Hoarders rejoice! In an effort to expand access to free COVID-19 testing, the Biden administration announced a program that would require private insurance companies and group health insurance plans to cover the cost for eight over-the-counter COVID-19 tests per month for each individual, starting January 15, 2022. Now, actually finding a test may prove to be more difficult than paying for one.

New York and New Jersey Create New Retirement Plan Mandates

If COVID-19 has you dreaming about retirement – good news! Both New York and New Jersey now have retirement-related mandates. In New York, all private businesses (including non-profits) with at least ten employees and who have been in business for at least two years are required to provide their employees with retirement plan options pursuant to the New York State Secure Choice Savings Program. Employers are not required to contribute to the plan or otherwise pay any costs other than the administrative fees. Upon enrolling, employees will contribute 3% of their wages but can modify their contribution levels. New York hasn’t yet announced when the enrollment period will begin, or issued any compliance/enforcement requirements, but we suspect that additional guidance will come out early this year.

Similarly, New Jersey’s deadline to implement a similar program is March 28, 2022 (with nine months from that date to complete the roll out). Pursuant to NJ’s Secure Choice Savings Act, employers with 25 or more employees who have been in business for at least two years must either implement a Secure Choice Program or offer a private retirement plan to its employees. Here’s what we know about the program:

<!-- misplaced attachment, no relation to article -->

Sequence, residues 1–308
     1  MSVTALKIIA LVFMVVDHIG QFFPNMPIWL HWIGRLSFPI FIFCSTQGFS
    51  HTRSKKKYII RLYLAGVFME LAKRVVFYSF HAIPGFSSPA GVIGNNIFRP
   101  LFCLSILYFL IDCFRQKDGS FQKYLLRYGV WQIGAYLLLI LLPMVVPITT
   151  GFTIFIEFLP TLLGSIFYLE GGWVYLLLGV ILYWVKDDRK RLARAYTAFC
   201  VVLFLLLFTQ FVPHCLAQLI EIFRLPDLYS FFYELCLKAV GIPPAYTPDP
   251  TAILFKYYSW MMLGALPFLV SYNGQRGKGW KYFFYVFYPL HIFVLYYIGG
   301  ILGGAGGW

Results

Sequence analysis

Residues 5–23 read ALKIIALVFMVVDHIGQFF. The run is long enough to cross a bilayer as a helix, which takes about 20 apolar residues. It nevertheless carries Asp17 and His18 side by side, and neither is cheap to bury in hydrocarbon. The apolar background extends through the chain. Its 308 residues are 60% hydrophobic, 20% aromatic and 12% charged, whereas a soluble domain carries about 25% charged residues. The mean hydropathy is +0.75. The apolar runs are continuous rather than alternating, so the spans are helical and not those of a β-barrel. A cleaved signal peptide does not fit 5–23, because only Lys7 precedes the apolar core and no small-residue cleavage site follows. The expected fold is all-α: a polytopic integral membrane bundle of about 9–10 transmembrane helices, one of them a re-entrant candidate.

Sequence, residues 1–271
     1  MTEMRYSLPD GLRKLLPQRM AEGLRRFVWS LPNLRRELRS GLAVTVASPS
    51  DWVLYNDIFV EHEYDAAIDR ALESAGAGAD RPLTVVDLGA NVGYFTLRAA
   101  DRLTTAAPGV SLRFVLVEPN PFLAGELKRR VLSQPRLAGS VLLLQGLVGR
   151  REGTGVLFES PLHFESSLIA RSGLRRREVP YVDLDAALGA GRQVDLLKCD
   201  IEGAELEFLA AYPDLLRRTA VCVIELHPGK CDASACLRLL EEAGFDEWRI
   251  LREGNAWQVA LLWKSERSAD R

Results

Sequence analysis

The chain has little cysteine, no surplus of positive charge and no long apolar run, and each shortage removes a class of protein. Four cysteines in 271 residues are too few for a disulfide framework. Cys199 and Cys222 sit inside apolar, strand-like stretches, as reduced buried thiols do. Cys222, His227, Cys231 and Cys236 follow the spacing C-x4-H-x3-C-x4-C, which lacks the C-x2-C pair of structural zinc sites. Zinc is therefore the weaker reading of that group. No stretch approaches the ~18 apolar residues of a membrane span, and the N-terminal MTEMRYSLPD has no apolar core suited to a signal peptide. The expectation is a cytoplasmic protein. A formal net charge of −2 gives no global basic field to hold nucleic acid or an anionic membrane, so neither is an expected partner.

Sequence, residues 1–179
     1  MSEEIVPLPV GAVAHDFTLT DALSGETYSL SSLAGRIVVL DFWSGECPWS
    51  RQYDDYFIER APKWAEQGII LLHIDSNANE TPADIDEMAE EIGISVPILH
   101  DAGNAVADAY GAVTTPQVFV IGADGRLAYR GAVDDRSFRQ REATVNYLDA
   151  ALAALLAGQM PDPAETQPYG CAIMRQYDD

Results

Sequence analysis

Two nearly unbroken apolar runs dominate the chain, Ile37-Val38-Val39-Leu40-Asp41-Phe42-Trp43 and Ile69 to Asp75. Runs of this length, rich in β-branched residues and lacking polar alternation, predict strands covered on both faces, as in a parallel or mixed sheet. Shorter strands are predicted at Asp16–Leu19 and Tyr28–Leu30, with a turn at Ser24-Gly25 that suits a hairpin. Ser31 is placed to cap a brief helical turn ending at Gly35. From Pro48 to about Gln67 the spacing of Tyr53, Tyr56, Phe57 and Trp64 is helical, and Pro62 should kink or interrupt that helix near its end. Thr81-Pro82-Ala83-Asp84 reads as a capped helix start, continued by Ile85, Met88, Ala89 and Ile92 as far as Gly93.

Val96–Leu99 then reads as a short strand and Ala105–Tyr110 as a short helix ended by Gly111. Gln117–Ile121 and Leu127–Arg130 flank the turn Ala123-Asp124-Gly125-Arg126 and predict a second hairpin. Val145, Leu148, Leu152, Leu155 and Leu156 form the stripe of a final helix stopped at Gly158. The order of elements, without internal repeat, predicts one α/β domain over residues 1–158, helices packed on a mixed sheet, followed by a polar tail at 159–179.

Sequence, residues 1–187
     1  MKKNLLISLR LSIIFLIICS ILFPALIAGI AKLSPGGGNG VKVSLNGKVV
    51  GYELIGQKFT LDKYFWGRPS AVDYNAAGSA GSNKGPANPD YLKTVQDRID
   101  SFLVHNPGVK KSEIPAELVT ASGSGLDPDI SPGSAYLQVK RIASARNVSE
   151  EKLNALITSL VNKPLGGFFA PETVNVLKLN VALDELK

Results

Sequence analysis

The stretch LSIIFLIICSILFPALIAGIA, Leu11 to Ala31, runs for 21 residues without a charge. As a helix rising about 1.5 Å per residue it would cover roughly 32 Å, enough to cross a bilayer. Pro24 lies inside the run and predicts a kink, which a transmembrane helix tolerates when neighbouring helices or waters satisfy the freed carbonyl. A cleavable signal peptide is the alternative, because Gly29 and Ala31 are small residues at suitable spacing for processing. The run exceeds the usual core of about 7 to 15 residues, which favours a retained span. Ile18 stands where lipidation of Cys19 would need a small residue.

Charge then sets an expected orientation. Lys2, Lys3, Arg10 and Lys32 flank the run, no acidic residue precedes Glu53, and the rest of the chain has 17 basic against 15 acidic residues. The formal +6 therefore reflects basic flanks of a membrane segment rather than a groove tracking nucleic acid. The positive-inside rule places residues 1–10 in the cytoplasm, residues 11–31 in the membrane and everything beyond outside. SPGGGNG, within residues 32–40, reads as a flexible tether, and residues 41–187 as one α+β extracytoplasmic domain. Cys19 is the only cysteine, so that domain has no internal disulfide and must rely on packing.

· New employees must be enrolled within three months of their date of hire.

· 3% of pretax earnings must automatically be withheld for those who don’t opt out of the program.

· Employers cannot match contributions.

· The maximum contribution for employees 50 and over is $7,000.

· Employers are subject to penalties of $100 per employee in beginning phases of the program, increasing to $250 per employee for the third/fourth years, and $500 per employee for the fifth year and beyond.

· Employers who collect employee contributions, but fail to remit contributions to the program are subject to a $2,500 for a first offense and $5,000 for each subsequent offense.

As we gear up for spring (too soon?), please gear up for these new rules. And as always, if you’ve got questions – you know we’ve got answers.

Damien + Brian


Established in 2019, New York City-based Weinstein + Klein is a boutique law firm focused on labor and employment law, business matters, and litigation. Weinstein + Klein works with businesses, individuals, and entrepreneurs to protect their legal interests. In addition to advising clients on employment matters and working with businesses to minimize their risk of litigation, Weinstein + Klein advises small businesses and start-ups on various business law matters. For more information about Weinstein + Klein, please visit